Shawne Wickham, The New Hampshire Union Leader, Manchester
Feb. 8—Nashua police on Tuesday announced the arrest of a dozen individuals on charges related to either sexual exploitation of children on the internet, or failure to register as sexual offenders.
Seven were arrested on charges related to possession or distribution of online images of child sexual abuse, according to a news release.
Johnny Oriol, 41, of 4 Pine Grove Ave., Nashua, was charged with prohibited uses of computer services, and attempted felonious sexual assault, both Class B felonies. Police allege that Oriol was communicating on a computer with an individual he believed to be a child.
Vincent Giugno, 18, of Hopkinton, Mass., was charged with 10 counts of possession of child sexual assault images, a Class A felony, as a result of an investigation into the sexual exploitation of children on online platforms.
Sean Olivera, 30, of 190 Ledge St., Nashua, was charged with two counts of distribution of child sexual abuse images, and three counts of possession of child sexual abuse images.
Erin Taylor, 23, of 34 Kessler Farm Drive, Nashua, was charged with five counts of distribution of child sexual abuse images.
Nathaniel Guerra, 21, of 18 Conant Road, Nashua, was charged with five counts of distribution of child sexual abuse images.
Noah Hesse, 23, of 213 Brook Village Road, Nashua, was charged with two counts of distribution of child sexual abuse images; three counts of possession of child sexual abuse images; three counts of indecent exposure and lewdness; and prohibited uses of computer services.
Jordan Fernandes, 22, of 7 Commercial St., Nashua, was charged with three counts of distribution of child sexual abuse images.
Five individuals also were arrested for failure to properly register with law enforcement after prior convictions for sexual assault, according to the news release.
David Montes-Rodriguez, 32, of 33 Ash St., Nashua, convicted in 2008 of aggravated felonious sexual assault, was charged with three counts of failing to register his online identifiers.
Keith Herbert, 44, of 23 Temple St., Nashua, was charged with violating the duty to inform, subsequent offense, for failing to report information about vehicles registered in his name. Herbert was convicted of aggravated felonious sexual assault in Massachusetts in 1998.
Rickie Duncan, 66, of 30 Amory St., Nashua, convicted of unlawful sexual intercourse in Utah in 1993, was charged with failing to report, subsequent offense.
Kenneth Amber, 74, 44 Chestnut St., Nashua, who was convicted in 1995 of indecent assault and battery against a child under 14 in Massachusetts, was charged with failing to report, subsequent offense.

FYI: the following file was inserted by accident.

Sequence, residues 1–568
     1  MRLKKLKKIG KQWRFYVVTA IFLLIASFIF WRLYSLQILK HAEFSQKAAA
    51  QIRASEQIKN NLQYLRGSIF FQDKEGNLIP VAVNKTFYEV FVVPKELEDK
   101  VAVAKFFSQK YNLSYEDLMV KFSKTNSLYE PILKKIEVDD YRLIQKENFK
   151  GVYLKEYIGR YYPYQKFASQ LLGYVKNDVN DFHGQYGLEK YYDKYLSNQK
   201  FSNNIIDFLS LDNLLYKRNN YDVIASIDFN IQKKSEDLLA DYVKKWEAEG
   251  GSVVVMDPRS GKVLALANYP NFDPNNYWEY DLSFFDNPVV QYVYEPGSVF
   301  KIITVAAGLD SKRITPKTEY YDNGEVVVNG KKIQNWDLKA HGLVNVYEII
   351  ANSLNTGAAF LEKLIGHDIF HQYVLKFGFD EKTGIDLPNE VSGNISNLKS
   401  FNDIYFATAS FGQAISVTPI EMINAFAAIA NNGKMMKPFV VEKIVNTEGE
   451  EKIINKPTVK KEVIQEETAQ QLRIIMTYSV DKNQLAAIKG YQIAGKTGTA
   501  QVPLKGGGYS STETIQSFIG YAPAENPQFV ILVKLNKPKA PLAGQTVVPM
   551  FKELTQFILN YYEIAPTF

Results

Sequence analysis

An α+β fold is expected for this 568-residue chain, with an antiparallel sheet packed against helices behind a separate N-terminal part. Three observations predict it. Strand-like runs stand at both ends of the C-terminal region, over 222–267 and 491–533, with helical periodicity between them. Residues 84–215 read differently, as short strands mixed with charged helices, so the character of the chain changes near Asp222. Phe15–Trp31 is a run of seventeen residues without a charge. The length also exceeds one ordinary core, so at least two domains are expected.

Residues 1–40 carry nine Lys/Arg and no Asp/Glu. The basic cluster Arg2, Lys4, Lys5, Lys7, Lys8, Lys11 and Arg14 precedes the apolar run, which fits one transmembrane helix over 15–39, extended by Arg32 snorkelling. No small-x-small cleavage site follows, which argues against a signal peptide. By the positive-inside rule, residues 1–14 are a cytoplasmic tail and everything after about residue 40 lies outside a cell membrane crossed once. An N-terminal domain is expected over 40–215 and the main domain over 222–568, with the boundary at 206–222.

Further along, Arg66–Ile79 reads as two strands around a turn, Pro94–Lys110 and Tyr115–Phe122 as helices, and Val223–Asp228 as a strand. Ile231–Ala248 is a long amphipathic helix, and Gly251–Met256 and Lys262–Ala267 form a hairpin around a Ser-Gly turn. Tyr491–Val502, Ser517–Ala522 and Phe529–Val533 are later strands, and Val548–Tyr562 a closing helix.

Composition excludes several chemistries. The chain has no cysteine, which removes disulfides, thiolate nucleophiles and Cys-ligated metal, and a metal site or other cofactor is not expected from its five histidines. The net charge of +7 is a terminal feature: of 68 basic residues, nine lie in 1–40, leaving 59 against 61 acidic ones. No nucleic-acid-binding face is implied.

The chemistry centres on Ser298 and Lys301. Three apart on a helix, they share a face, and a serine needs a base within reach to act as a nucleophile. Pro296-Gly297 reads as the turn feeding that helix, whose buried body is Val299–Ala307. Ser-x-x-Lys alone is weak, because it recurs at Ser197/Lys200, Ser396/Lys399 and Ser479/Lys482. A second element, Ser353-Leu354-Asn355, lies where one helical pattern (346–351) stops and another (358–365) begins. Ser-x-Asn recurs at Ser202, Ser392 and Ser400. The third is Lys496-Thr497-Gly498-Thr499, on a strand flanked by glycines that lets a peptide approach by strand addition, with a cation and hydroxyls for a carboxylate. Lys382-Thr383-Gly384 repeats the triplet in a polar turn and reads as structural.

Kenneth Haley, 44, 57 Harbor Ave., Nashua, was arrested for failing to complete his sex offender registration, required after a 2008 conviction for aggravated felonious sexual assault.
Nashua police investigated the 12 cases with assistance from the New Hampshire Internet Crimes against Children Task Force, Homeland Security Investigations and the U.S. Marshal Service.
The arrests were made on Monday, coinciding with “Safer Internet Day,” a global public awareness campaign that promotes the safe use of digital technology, especially among children and youths, according to the news release.
Resources for families and schools about preventing online exploitation of children are available at: saferinternetday.us.
Huber, a 55-year-old who ran a computer consulting business, is accused of shooting five federal agents attempting to execute a federal court-ordered search warrant as part of a child pornography investigation.
Law enforcement sources told the Miami Herald that Huber set up a camera in his doorbell and was monitoring the agents as they approached his unit at the Water Terrace apartment complex around 6 a.m. on Tuesday. He then opened fire with an assault-style weapon through the closed door, before killing himself.
The FBI has released photos of Special Agents Laura Schwartzenberger and Daniel Alfin, who were killed yesterday executing a search warrant in Sunrise, Florida. pic.twitter.com/HH5A3sZp8N
During the deadly incident, Huber fatally shot Special Agent Daniel Alfin and Special Agent Laura Schwartzenberger. Three other agents were wounded, including two who were transported to a hospital in stable condition. The third agent did not need hospitalization, the FBI said.
Huber was first identified by the Miami Heraldand the Sun-Sentinel, which cited law enforcement sources. The FBI declined The Daily Beast’s request for comment. A Sunrise police spokesperson confirmed to The Daily Beast the gunman died by suicide after shooting the five FBI agents.
According to public records, Huber spent most of his life in South Florida. The computer consultant, who had a pilot’s license, was married in late 2000 and divorced a decade later. He registered two computer consulting businesses, including Huber Computer Consulting and COMPUTER TROUBLESHOOTERS 0512 INC, though both are now inactive.
As first reported by the Miami Herald, Huber’s previous run-ins with the law are confined to minor offenses. Court records show Huber received two traffic tickets in 2016. The tickets say Huber moved to his unit in the Water Terrace apartment complex—where the shooting took place—that same year.